Supermodel And Activist For Land And Climate Change, Quannah Chasinghorse, Is Using Her Cultural Landscape And Traditions To Alter The Runway Like Never Before.
Growing up, supermodel Quannah Chasinghorse rarely saw her culture represented in the fashion she voraciously consumed.
“I was obsessed with watching runway shows on television, and I was always posing for pictures,” she told Vogue. Still, because of this lack of representation, “it was tough for me to feel like I had the potential to be a model.”
But that all changed when she became the first Indigenous woman to walk for Chanel in October’s Spring-Summer 2022 Ready-to-Wear show.
Quannah Rose Chasinghorse is an American model and land protector based in Fairbanks, Alaska.
She appeared on the 2020 Teen Vogue list of Top 21 under 21, and since starting her career, Quannah has walked on many high-fashion runways, including Chloé, Savage x Fenty, Gabriela Hearst, and Prabal Gurung.
Before breaking out as a model, Chasinghorse gained a large following on social media for her activism work – and she’ll continue to use her ever-growing platform to address critical issues close to her heart, including climate activism.
What people might first notice about Quannah Chasinghorse is the Indigenous history on her face. I do, too, and it’s beautiful.
Chasinghorse was “14-years-old when she received her first Yidįįłtoo, a traditional face tattoo done by her people,” says Elle.
I admire her so much because Chasinghorse makes a point of celebrating indigenous fashion and promoting sustainable indigenous brands for many Native Americans and Indigenous people across the globe.
Originally born from the Han Gwich’in and Oglala Lakota tribes, her passion for representing her people, began much earlier in life.
Today she is making history as one of the first Indigenous people to reach the highest echelons of modelling.
When it comes to fighting advocacy Chasinghorse is a fourth-generation land protector for the Arctic National Wildlife Refuge. Her mother, Jody Potts-Joseph, has been working to protect the land most of her life.
She aims to use her platform to educate and encourage people about how profound climate change is and address indigenous people’s stereotypes.
In an interview with Elle, she stated that her “motivations have never been about the fame or glory that comes with being a supermodel but rather about representing indigenous culture and fighting the climate change crisis”.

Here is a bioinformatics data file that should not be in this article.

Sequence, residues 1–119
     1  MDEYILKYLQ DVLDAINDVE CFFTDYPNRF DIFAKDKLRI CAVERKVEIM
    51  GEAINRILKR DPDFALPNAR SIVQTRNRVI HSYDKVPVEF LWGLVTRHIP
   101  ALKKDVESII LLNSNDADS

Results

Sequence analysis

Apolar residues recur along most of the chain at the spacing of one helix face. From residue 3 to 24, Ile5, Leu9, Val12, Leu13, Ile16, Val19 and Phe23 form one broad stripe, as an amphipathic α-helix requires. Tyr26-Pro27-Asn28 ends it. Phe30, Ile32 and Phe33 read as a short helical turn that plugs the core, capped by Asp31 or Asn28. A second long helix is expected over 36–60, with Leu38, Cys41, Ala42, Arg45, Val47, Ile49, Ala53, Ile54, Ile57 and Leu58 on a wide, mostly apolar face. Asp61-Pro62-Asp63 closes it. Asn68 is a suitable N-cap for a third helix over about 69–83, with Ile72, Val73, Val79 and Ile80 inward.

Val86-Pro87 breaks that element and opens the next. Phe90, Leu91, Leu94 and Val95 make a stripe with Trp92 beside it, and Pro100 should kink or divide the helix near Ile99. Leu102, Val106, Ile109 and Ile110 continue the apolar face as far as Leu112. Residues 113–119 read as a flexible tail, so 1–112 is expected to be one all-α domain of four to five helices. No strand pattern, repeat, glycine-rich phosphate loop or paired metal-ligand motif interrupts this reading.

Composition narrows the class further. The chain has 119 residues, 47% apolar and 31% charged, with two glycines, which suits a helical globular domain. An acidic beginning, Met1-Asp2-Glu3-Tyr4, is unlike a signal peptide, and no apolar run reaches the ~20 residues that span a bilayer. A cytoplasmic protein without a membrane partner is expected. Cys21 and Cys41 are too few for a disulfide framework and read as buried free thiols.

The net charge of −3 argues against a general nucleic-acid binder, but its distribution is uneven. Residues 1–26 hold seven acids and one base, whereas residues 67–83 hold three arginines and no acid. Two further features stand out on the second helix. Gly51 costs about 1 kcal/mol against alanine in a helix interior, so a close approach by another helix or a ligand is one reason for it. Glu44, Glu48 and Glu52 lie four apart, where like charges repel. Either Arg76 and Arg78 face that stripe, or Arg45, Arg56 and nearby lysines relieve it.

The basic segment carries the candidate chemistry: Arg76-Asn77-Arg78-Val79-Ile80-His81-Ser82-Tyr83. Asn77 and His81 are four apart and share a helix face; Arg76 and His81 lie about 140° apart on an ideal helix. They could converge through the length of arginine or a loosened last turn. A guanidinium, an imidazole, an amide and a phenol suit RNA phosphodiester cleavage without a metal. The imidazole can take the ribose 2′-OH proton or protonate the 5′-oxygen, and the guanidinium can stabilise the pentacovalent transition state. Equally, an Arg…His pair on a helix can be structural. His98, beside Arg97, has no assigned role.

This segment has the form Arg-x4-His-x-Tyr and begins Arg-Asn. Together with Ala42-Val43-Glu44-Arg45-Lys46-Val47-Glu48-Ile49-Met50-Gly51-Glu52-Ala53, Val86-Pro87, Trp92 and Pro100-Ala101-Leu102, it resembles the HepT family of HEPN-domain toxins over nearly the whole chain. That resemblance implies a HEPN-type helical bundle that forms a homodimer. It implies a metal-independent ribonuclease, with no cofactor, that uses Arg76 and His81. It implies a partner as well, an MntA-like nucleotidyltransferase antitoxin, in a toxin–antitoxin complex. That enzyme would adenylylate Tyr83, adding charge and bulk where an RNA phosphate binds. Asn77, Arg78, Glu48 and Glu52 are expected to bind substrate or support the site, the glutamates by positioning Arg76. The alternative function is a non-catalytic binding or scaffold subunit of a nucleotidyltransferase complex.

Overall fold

But while her accomplishments in fashion — which include introducing the industry to native traditions and style — are only getting started, Chasinghorse’s passion for representing her people and demanding action to combat climate change has been her passion since childhood.
Through the fashion industry, one of the most-watched empires globally, the superstar is redefining her people with the hopes that her voice, fighting for her cultural landscape, will hit home.
Her role in the climate change movement alongside many other young activists is critical.
But she claims that sometimes she feels out of place in a world based on pride. For example, during last year’s Met Gala, Chasinghorse told DailyMail that she felt out of business.
“I just don’t think I belong in spaces like that because I’m not an elitist,” she said. “My way of walking in this world, in the industry, is so different compared to everyone else because I feel like I constantly have to break barriers. No one knew me; no one cared to ask,” she added. “People are there for themselves, and it shows.”
But as she highlights, one of her people have battled for decades.
Chasinghorse aims to encourage other indigenous youth to step up, use their voices, and be proud of who they are. This idea motivates her to keep going and doing what’s right.
Quannah Chasinghorse is an advocate, an inspiration and a model we need to look out for on the runway as she makes her way down the platform of cultural advocacy.